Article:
Author: Ami McKay
Genre: Fiction (Historical / 19th Century / New York City / Prostitution / Poverty / Coming of Age)
Publisher/Publication Date: Harper (6/ 26/2012)
Source: TLC Book Tours
Rating: Liked a good deal!
Did I finish?: I couldn't stop.
One-sentence summary: The Dickensian life of Moth, a 12-year old girl who finds herself in a brothel that specializes in virgins.
Reading Challenges: Historical Fiction
Do I like the cover?: I do, as Peter Stuyvesant's pear tree features in the story on the fringe, and I like that it's restrained compared to the lurid promise of the plot.
I'm reminded of...: Geraldine Brooks, Talia Carner, Sadie Jones, Lois Leveen
First line: To the Reader: In 1871, I was serving as a visiting physician for the New York Infirmary for Indigent Women and Children.
Buy, Borrow, or Avoid?: Borrow or buy -- this is a fantastical novel.
Why did I get this book?: The title!
Review: Despite the title and the premise, this isn't a 'sexy' book, and it's not a historical romance. It's a delightfully real, horrifyingly evocative look at 19th century New York City of the poor -- and one girl's experience with a brothel that specializes in virgins.
(I snarfed this book down during a work conference, and struggled with this review during my post-conference cold, so I apologize now for not properly conveying the delightful awesomeness of McKay's novel.)
The story is told by Moth, in her voice, annotated by Dr. Sadie, a physician of means inspired by the work Dr. Elizabeth Blackwell, who offers care to prostitutes in the Bowery. Moth, a twelve-year old girl, is sold by her mother as a servant to a cruel, rich Manhattanite -- and when she can't stand that life another moment, she flees, deciding life as cared-for prostitute might be better. It is there, at the 'Infant School', where she meets Dr. Sadie, and she learns what power and fortune she can claim for herself.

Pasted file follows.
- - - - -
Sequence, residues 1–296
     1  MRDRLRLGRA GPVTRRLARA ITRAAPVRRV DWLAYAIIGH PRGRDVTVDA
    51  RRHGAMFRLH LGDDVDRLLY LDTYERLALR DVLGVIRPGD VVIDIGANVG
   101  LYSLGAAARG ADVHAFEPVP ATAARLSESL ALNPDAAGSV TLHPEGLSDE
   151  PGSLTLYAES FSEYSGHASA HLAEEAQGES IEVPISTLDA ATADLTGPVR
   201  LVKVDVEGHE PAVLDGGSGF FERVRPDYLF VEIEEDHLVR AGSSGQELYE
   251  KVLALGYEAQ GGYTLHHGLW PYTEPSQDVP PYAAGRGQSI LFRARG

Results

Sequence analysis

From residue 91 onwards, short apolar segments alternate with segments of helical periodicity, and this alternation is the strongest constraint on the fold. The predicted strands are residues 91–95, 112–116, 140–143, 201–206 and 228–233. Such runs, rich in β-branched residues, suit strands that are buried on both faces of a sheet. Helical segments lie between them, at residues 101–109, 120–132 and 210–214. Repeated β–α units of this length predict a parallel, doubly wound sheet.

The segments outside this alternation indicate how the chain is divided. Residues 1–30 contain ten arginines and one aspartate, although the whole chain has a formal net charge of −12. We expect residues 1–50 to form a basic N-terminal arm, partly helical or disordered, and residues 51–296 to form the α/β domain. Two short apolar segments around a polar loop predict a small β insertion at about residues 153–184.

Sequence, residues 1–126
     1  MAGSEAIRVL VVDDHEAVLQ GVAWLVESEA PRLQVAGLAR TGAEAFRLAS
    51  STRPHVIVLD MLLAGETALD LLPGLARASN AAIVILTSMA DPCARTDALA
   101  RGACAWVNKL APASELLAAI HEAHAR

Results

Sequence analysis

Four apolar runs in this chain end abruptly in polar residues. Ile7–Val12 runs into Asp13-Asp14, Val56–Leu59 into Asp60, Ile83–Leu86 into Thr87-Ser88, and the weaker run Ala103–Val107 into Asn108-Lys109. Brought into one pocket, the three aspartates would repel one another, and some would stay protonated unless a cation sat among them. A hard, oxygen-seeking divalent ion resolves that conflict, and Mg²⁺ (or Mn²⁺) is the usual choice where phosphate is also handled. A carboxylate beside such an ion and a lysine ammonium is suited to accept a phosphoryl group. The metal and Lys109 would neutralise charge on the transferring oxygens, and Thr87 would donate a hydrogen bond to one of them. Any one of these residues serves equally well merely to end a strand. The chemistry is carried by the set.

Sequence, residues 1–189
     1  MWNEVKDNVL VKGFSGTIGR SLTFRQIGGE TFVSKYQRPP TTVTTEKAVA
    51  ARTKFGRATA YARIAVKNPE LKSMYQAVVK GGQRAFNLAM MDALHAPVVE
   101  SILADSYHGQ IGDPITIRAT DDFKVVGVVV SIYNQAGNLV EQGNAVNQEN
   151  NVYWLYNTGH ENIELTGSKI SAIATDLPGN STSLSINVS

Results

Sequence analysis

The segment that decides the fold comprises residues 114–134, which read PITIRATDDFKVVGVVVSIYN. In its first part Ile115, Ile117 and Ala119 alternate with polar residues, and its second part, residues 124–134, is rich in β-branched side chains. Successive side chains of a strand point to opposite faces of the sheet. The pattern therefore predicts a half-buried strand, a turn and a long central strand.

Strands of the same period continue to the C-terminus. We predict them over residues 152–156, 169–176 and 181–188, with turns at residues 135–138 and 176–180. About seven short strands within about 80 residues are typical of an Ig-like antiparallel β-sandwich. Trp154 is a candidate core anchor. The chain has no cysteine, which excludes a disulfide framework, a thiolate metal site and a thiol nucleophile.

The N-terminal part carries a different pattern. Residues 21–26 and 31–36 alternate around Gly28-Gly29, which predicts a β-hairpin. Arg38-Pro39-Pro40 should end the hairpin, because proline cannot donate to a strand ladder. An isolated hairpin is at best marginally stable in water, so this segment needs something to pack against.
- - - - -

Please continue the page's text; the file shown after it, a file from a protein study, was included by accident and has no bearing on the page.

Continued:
Often a hard-to-stomach story, McKay's writing kept me coming back -- I'd put the book down for work, or sleep, or something else, and literally vibrate with eagerness until I could pick it back up again. Moth felt real -- which made reading her story so discomforting! But I trusted McKay and the arc of the book and in the end, I was deeply satisfied. The conclusion -- hopeful but realistic -- left me able to close the book without feeling too devastated and I'm already missing Moth and Dr. Sadie. (I'd love a novel about Dr. Sadie, who was inspired by McKay's ancestor!)
Even those allergic to historical fiction might enjoy this novel as I found the heart of the story to be Moth's coming unto her own. New York City of the 1870s -- especially Manhattan and the Bowery -- came alive but didn't overshadow Moth or her story. I can't rave enough about the way McKay articulated what could have been a credulity-straining plot and I so enjoyed the unique way she told Moth's story. Titillating enough in premise for summer but with enough heft to keep one engaged, this is one that's going to make my must read for 2012.
*** *** ***
I'm thrilled to offer a copy of The Virgin Cure to one lucky reader! To enter, fill out this brief form. Open to US/Canadian readers, ends 7/13.